Summary: From the outside, Dina’s Bed & Breakfast looks like your typical, sweet Victorian house turned into a cozy little inn. Nothing to see here! Move along! But nothing could be further from the truth. As the story opens, we discover that something is hunting and killing neighborhood dogs in the night. The attacks are escalating and Dina challenges Sean Evans, an ex-military neighbor, into doing something about the attacks before the prey becomes something that walks on two legs. You immediately get the feeling that there is more to Dina than a creaky inn, an innocent broom, and a yappy shih tzu ironically named Beast. With revelations and discoveries around every corner, this is an entertaining ride for those interested in sci-fi / fantasy books!
Why I love it?
- The author Ilona Andrews, who is best known for the Kate Daniels “Magic” series, started this book as a free serial on their site where they would post each chapter as they wrote it (I say “they” because it’s a husband-and-wife team).
- The reason why this book is one of my favorite books of all time is because of the lead character Dina. In so many books, we see female leads as hard, unemotional mercenaries; whiny, overly emotional damsels-in-distress; or confused discovering-my-powers newbies. There’s nothing wrong with those stereotypes when they’re done well, but they are SO overdone. Dina is calm, confident, and compassionate. She knows who she is and what she can do, and she cares about her inn and its surroundings. Instead of her discovering her powers, it is the readers who get to discover Dina and her depths as we ride the roller coaster.
- The author makes the perfect balance of someone who is humble but not self-righteous, compassionate without making stupid and rash decisions, and friendly in the way that you would enjoy sitting down and sharing a cup of coffee with her. In a nutshell, Dina is fantastical while being completely ordinary like you and me.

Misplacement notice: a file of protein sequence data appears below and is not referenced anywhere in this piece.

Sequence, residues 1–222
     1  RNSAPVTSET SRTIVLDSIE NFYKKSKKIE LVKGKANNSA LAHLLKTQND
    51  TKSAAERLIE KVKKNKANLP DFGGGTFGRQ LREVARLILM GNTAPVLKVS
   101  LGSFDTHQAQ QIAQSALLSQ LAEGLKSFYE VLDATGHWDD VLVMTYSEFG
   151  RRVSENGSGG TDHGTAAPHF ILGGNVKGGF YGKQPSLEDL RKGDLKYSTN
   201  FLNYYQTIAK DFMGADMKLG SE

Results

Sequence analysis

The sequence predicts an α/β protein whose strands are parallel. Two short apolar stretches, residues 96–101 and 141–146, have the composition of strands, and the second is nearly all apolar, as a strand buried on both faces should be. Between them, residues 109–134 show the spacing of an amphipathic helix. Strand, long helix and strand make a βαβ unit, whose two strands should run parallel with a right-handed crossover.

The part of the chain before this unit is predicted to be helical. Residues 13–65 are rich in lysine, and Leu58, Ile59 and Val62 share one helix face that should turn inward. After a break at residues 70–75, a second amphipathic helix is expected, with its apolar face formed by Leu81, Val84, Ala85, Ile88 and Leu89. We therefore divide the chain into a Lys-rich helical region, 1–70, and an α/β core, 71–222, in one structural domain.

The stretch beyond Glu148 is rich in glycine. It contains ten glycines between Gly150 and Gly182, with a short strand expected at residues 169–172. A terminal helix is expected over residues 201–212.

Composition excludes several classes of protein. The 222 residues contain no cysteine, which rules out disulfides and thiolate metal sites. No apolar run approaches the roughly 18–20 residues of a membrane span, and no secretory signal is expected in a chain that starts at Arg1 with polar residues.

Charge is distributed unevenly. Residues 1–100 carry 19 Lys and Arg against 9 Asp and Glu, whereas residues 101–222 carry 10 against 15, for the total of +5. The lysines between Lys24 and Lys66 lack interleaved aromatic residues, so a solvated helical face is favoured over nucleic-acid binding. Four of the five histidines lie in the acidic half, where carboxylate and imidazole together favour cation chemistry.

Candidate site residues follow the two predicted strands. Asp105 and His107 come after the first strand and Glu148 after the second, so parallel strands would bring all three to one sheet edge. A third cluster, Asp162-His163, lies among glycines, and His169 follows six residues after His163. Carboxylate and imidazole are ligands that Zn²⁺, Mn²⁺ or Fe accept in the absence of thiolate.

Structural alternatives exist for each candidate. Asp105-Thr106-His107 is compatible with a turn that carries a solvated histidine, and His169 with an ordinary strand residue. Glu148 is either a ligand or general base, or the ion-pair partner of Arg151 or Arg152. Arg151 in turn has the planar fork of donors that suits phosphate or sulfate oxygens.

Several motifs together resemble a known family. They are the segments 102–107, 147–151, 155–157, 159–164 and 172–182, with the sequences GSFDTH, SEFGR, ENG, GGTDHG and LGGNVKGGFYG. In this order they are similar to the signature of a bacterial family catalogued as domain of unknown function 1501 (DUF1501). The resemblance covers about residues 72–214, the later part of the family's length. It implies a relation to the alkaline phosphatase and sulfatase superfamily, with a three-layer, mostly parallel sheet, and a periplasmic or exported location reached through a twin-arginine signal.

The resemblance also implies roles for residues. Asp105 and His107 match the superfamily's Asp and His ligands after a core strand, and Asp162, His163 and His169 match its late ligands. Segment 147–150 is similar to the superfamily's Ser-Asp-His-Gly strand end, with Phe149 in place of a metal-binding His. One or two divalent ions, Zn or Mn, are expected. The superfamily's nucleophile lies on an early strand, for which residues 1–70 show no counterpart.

From Alisha Kelley:
Summary: “Luke” Hamilton has lived her whole life under the guise of a man. A veteran of war, Luke is given land out west to settle down on. In Independence, Missouri she meets Nora, a prostitute with a child and a fiery temper. In a mutually beneficial arrangement, Luke and Nora get married within days of meeting each other. Luke gets additional land to her name and Nora can get her child away from the life she was born into. On the trip through the U.S. along the Oregon Trail, the two indeed work backward through a fake relationship to something more with many secrets and surprises along the way.
Why I love it?
- Backwards to Oregon is so well-written and researched it still amazes me. The flow of the narrative is perfect. Jae writes such amazing characters too that you just can’t help but fall in love with them. (You can read our interview with Jae here!)
- This book was an adventure and I was genuinely on the edge of my seat at certain points in the story. The relationship feels so real and believable as well. Even if you wouldn’t normally read LGBT fiction, I can’t recommend this book enough. I still feel the pain of not getting to read more of these characters. (There is a sequel, though Luke and Nora are not the focus. Also an excellent book.)
Let us know in the comments below what your favorite books are! We’d love to discover some great new stories. Have a great National Book Lovers Day!
Featured image credit: Hitoshi Suzuki/Unsplash